Background Checks for Job Applicants

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Most employers look into employees’ background before deciding whether to hire them or not as well as when deciding whether they should keep their job or not. The law permit employers to perform background checks before hiring but there are some instances that require an employee’s consent before their information can be gathered. Also, the law limits how employees use the results obtained from a background check.

Questions about background check

Employers can ask all sorts of questions about your background during hiring. He or she may ask about your education, employment history, financial history and even your criminal record.

However, employers are not allowed to ask for your medical information until you get the job as well as your genetic information.

Also, when an employer asks about your background on genetics, disability, age, religion, sex, color, national origin and race, he or she must treat you the same as all the other applicants. Example, an employer is not allowed to ask for extra background information because you are of a different ethnicity or race.

Employees are also protected from retaliation. This means that an employer should not fail to employ you because you accused a previous employer of harassment or discrimination.

 

When is an employee’s consent required?

An employer needs your consent to obtain certain types of information such as credit report, military records and school transcripts.

Also, if an employer does not gather the records on his own but hires an outside investigator or agency to, it must get a written consent from you first. You do not have to give permission but when applying for a job and you fail to, the employer has the right to reject your application.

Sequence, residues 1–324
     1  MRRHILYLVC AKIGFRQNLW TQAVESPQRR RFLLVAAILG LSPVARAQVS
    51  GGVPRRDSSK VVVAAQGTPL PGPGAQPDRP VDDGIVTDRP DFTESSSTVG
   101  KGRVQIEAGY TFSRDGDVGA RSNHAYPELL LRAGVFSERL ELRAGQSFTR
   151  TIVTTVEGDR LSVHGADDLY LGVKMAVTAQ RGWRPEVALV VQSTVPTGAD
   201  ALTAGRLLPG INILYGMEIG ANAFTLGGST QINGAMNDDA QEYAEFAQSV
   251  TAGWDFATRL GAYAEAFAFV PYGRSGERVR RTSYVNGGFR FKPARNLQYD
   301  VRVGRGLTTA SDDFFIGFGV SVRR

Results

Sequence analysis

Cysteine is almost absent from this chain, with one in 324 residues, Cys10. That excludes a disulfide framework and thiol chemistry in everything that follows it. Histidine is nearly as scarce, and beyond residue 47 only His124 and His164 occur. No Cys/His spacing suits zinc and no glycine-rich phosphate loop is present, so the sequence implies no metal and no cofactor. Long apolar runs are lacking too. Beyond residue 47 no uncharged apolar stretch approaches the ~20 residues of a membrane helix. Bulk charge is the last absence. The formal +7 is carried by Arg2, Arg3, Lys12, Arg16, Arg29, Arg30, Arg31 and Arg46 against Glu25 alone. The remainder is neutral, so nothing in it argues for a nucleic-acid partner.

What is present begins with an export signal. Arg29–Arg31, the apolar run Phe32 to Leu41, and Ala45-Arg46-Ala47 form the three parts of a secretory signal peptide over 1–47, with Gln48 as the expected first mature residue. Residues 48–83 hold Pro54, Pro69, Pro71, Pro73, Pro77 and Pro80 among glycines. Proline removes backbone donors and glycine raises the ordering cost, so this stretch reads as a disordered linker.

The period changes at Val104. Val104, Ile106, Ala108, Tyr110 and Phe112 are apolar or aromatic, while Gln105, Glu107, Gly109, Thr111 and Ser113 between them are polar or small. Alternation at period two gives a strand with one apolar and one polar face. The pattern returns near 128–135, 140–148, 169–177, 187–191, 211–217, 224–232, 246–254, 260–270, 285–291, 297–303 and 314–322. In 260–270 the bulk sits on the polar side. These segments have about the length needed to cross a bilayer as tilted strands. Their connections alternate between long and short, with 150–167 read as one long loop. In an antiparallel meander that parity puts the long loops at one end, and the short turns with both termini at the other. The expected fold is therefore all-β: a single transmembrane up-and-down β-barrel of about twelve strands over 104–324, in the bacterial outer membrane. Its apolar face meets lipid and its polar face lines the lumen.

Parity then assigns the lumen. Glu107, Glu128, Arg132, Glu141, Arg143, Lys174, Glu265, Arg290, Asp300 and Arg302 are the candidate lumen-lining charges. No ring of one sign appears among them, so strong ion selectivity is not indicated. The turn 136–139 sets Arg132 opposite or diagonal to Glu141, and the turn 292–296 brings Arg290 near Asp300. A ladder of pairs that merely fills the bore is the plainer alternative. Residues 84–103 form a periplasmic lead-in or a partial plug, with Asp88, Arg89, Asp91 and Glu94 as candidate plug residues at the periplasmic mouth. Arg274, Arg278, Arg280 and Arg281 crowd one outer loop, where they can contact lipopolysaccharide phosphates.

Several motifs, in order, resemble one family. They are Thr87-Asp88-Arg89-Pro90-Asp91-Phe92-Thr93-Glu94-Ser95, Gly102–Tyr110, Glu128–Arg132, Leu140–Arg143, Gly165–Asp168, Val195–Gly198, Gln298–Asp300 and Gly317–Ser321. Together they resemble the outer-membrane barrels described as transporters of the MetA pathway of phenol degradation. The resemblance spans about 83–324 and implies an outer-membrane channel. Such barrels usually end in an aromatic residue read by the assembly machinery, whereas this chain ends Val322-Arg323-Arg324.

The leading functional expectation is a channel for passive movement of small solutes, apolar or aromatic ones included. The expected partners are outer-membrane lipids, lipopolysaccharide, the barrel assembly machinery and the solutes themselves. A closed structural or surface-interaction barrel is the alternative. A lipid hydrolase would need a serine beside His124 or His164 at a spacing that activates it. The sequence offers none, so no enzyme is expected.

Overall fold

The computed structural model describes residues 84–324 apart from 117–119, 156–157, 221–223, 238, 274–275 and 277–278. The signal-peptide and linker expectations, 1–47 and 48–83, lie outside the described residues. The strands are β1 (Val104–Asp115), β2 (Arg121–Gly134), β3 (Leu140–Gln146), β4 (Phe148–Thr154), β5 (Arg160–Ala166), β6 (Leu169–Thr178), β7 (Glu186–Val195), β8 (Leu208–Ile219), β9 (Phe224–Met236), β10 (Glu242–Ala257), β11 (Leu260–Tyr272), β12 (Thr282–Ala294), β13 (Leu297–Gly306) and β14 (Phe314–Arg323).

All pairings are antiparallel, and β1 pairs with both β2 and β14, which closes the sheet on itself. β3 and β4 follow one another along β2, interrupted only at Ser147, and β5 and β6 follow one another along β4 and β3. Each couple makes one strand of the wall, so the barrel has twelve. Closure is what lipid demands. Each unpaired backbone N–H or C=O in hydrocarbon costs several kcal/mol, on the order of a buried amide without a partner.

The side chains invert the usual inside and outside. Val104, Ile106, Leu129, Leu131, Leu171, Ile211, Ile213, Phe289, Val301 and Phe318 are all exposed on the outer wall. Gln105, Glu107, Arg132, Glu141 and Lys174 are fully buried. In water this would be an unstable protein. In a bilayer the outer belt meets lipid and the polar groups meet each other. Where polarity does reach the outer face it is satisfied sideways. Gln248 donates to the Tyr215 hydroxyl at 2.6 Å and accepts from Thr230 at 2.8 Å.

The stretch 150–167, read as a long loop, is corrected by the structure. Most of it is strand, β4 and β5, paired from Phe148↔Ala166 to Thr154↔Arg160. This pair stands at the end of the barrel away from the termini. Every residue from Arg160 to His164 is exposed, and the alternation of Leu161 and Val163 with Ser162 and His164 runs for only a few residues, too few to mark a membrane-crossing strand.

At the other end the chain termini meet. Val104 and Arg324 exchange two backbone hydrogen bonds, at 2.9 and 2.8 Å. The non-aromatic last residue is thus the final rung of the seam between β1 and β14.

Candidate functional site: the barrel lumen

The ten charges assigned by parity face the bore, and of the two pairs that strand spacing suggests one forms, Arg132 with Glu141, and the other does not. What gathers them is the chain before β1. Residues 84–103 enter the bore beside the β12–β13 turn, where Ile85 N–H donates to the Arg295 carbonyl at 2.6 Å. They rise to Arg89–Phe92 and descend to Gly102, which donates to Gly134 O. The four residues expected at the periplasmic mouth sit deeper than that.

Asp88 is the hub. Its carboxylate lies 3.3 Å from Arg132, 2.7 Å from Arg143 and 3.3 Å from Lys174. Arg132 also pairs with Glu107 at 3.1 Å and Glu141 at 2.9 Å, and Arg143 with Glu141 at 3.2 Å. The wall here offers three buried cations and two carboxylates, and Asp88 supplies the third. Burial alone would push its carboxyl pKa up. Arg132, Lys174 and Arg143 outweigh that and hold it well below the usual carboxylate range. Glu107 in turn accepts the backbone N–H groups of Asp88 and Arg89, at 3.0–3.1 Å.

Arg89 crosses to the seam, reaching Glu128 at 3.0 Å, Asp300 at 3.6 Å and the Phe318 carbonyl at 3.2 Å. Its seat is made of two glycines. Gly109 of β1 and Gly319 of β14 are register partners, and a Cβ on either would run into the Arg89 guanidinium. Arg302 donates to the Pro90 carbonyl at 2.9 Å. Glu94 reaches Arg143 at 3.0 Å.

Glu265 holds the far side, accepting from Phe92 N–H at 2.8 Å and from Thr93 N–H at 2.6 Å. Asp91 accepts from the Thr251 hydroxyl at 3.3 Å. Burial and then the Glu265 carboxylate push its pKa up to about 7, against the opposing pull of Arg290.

Secondly, if an employer fails to hire you, retain or promote you because of something in your background report, it should send you a copy of the report and a note indicating how to contact the company that made the report. This is because background reports often contain errors. If there is a mistake in your report, you can request the reporting company to fix it and then send a copy of the error free report to the employer. You should also inform the employer of the mistake.

 

The law protects applicants from being denied a job for the following additional reasons

  • Credit reports

Due to the economic downturn in 2008, some states have laws that prohibit employers from discriminating employees based on his or her credit history.

  • Unemployed status

Some states including Oregon and New Jersey prohibit employers from failing to hire applicants because they are unemployed when applying for the position.

  • Criminal records

Also, some states limit the type of criminal records an employer can consider in making a hiring decision. For example employers are prohibited from failing to consider candidates with history of arrests that did not lead to conviction.